Art: Sanaya Chandar
Edits: Amal Shiyas
- The ideas in this piece have been largely shaped by Darko Suvin’s (1972) “On the Poetics of the Science Fiction Genre”, published in College English, Vol. 34, No. 3.
- The biggest limitation of this article is the fact that the writer’s reading habits have been overwhelmingly, unwittingly and unfortunately hegemonized by the global, Anglophonic book market. In light of this, here are some useful introductory sources that can set you on a path to exploring good science fiction literature, which isn’t limited to the United States and the U.K., and isn’t produced exclusively by people who are white and/or men:
- “23 Best Non-English Science Fiction Books” http://best-sci-fi-books.com/23-best-non-english-science-fiction-books/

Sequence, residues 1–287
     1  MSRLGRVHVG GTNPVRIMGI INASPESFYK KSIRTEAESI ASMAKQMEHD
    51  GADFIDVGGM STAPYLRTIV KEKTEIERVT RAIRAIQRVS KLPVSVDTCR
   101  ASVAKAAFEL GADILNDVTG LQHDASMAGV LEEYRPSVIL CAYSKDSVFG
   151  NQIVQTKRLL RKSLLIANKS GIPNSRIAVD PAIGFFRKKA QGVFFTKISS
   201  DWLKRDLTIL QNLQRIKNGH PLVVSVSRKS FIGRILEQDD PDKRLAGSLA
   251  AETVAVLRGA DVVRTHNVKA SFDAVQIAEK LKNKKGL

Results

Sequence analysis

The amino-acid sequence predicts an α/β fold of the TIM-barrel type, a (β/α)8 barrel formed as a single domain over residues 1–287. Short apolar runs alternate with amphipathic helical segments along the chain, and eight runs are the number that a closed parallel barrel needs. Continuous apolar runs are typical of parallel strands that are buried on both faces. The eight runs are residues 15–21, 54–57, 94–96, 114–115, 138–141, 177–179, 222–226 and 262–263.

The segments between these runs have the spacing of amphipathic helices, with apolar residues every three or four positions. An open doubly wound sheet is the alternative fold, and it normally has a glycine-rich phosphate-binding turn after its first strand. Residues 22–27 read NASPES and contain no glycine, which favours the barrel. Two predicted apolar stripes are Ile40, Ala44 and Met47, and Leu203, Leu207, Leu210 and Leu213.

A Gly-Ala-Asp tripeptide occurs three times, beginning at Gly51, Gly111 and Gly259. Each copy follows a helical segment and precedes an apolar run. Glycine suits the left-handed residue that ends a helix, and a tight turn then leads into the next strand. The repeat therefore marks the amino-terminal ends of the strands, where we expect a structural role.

- “China Dreams: Contemporary Chinese Science Fiction” by Ken Liu http://clarkesworldmagazine.com/liu_12_14/
- “14 Women Writers Who Dominate the Universe of Sci-Fi” http://www.huffingtonpost.in/entry/women-who-dominate-the-universe-of-sci-fi_us_55ccfd02e4b0898c4886f69a
- .“This is the Muslim tradition of sci-fi and speculative fiction” https://aeon.co/ideas/think-sci-fi-doesnt-belong-in-the-muslim-world-think-again
- “The Stars of Modern SF Pick The Best Science Fiction” https://www.theguardian.com/books/2011/may/14/science-fiction-authors-choice